23. إِنَّ الَّذِينَ يَرْمُونَ الْمُـحْصَنَاتِ الْغَافِلاَتِ الْمُؤْمِنَاتِ لُعِنُوا فِي الدُّنْيَا وَالاَخِرَةِ وَلَهُمْ عَذَابٌ عَظيمٌ
23. "Verily those who accuse chaste, believing women unaware (of evil), are cursed in this world and the Hereafter, and for them shall be a grievous chastisement,"
Of course unbelievers, murderers, advocates of illegitimate rulers, hypocrites, mischief-makers, polytheists, the arrogant, oppressors, liars, perjurers, and those who disclaim the Truth have been cursed in the Qur'an, but the curse of the world and the Hereafter along with great punishment, covers only those who stigmatize pure persons.
Imam Sadiq (a.s.) considers this verse as evidence for the fact that unjust accusation of pure and chaste women is one of the great sins.
Thus, in this verse the Qur'an returns to the issue of Qathf and accusing chaste faithful women of unchaste action, and it decisively says:
In fact, three attributes are mentioned for these women. Each of these attributes is a reason for the importance of the oppression that is imposed on them through calumny. These attributes are: 'Mohsanat' ('virtuous women'), 'Qafilat' ('far from and unaware (of any pollution)'), and 'Mu'minat'
('believing women'). In this way it is indicated how oppressing and unfair is accusing these persons of inadmissible accusations and this action deserves a great punishment.
By the way, the application of the Qur'anic word /qafilat/ is an interesting meaning. It specifies the ultimate of their pureness from any deviation and unchasteness. It means that they are so heedless of sexual defilements that as if they are not at all aware of it. For sometimes the attitude of a person toward sin is in a way that thought of sin goes out of his mind, as if there were not existed at all such an action. This is the supreme grade of piety.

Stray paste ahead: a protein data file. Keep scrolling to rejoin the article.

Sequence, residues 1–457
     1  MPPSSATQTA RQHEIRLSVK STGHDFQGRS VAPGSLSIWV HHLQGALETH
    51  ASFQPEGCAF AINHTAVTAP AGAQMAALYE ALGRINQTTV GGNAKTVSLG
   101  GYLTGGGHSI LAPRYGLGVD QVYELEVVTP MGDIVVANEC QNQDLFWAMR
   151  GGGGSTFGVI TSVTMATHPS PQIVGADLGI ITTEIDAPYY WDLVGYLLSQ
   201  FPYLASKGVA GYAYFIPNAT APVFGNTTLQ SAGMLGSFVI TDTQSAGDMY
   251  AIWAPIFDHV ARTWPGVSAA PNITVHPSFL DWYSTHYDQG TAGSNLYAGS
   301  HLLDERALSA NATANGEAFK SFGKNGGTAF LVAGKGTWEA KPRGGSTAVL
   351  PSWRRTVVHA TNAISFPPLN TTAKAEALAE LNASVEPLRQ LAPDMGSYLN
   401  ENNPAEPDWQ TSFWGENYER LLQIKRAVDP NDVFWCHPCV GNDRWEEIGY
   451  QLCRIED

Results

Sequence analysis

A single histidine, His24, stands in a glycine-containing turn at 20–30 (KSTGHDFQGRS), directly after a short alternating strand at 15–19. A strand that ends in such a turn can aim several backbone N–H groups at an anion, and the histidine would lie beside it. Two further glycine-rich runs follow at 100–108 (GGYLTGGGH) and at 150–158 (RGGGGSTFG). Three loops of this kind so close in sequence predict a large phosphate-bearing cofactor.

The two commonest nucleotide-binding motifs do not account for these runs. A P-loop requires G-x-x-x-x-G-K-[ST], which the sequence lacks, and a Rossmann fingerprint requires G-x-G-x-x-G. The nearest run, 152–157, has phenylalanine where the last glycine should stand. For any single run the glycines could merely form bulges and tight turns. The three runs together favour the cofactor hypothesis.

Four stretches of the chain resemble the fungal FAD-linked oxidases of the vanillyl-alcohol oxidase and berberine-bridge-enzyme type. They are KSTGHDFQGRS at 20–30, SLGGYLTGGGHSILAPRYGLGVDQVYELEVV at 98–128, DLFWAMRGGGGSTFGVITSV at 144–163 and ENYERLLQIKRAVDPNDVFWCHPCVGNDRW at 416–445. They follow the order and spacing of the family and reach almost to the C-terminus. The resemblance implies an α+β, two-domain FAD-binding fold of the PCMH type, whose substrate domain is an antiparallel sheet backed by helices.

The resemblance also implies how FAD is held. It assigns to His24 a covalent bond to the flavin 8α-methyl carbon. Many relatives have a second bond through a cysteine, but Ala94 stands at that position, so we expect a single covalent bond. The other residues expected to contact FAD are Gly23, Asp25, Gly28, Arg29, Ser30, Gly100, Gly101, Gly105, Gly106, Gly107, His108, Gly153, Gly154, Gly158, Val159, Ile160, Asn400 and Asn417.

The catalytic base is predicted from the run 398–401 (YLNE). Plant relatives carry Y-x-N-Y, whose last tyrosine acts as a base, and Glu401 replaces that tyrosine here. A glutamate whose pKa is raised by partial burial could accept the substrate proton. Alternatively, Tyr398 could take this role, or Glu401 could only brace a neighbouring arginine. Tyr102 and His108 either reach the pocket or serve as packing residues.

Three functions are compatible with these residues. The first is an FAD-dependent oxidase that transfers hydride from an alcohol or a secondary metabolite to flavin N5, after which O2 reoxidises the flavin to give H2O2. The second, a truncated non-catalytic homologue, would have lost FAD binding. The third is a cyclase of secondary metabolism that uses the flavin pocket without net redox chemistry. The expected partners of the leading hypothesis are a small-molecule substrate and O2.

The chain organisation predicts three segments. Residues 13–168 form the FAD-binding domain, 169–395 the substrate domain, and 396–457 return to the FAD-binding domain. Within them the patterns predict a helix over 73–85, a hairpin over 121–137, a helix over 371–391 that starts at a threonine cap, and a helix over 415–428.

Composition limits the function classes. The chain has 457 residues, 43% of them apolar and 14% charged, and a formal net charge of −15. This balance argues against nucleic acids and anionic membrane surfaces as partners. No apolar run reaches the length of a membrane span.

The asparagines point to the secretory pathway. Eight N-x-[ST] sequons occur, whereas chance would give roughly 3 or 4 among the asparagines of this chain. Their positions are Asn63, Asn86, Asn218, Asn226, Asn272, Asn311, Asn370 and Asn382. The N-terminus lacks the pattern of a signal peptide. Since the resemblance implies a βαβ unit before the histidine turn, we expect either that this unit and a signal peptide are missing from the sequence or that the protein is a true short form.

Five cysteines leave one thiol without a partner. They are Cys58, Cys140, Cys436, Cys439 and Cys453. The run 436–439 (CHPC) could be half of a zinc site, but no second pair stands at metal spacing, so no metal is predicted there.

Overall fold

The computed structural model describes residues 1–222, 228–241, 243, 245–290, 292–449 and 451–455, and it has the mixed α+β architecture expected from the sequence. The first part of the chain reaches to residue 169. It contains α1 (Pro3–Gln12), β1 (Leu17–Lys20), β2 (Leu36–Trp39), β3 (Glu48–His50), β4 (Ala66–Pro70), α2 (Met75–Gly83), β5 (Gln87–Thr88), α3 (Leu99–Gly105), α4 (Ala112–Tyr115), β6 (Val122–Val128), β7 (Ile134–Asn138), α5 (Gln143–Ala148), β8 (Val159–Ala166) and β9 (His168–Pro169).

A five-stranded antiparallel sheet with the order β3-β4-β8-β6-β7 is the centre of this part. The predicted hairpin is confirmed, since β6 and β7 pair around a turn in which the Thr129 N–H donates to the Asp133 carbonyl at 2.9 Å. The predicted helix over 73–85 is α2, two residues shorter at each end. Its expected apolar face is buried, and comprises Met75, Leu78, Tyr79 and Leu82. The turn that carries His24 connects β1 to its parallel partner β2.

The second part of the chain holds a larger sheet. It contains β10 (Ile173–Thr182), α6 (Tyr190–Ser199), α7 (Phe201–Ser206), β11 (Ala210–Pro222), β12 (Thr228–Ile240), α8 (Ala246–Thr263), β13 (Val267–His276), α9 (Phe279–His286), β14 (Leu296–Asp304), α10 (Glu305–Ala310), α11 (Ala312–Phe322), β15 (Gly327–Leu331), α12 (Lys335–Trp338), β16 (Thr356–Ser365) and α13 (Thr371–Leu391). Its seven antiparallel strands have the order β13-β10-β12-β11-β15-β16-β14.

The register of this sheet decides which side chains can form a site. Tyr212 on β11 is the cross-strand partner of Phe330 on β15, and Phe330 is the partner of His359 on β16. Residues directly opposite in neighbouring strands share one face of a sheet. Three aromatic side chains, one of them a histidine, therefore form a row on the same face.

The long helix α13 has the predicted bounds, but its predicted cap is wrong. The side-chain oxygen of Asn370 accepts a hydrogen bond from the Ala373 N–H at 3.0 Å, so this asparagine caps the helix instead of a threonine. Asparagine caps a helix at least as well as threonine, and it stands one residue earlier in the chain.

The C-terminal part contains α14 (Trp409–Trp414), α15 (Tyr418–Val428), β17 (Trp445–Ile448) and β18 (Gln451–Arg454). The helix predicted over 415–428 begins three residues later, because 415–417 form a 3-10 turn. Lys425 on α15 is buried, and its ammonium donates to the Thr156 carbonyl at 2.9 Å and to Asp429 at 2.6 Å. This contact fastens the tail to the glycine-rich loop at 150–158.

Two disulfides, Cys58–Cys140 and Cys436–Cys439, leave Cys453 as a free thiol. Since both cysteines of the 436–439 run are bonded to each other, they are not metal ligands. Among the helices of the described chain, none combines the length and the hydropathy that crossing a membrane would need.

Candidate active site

Another possibility is that the purpose of /qafilat/ is the women who are not aware of the unjust accusations attributed to them; therefore, they do not defend themselves. So, this verse mentions a new matter about such accusations, because the pervious verses referred to the calumniators who could be recognized and then would be punished, but, here, the rumour-fabricators, who have hidden themselves from punishment and religiously prescribed punishment, are brought up. The Qur'an implies that they should not think that by this action they can escape from the Divine punishment forever. Allah, the Almighty, curses them in the world and, in the Hereafter, they will have an awful chastisement.
With regard to the fact that the above verse is placed after the story of 'Ifk, and it seems that its revelation had some relation with this affair, but like,many verses that are sent down for a special case and their content is general, this verse is also not limited to a certain case.
It is strange that some commentators such as Fakhr-i-Razi, in his book: 'Tafsir-i-KAbir' and some others insist that the
 Al-mazan, Vol. 15, p. 122
content of this verse is limited to calumniation of the Prophet (p.b.u.h.)'s wives. They mainly equal this sin to paganism and consider the word /lu'inu/ (cursed), mentioned in the verse, as reason for it.
Of course calumniation is a great sin and if it is about the wives of the Prophet (p.b.u.h.), it is greater and more cardinal, yet it does not by itself bring paganism. Thus, the Prophet (p.b.u.h.) did not treat those who were involved in that affair as apostates, but, as we explained in the commentary of the holy successive verses, he recommended the Muslims to be being merciful toward them and not to be excessively violent toward them, which is not consistent with paganism.
The word /la'n/ is 'being away from Allah's bless', which is applied to pagans and those who commit cardinal sins. Therefore, in the verses that are about the punishment of Qathf (in the ordinances of /li'an/ (conjugal anathema)), the word /la'n/ has been applied two times about liars.
In Islamic narrations, the word /la'n/ (curse) is frequently applied to those who commit great sins. The tradition which says: "Allah has cursed ten groups concerning wine..." is very famous.
 Khisal, by Saduq, Chapter 'Asharah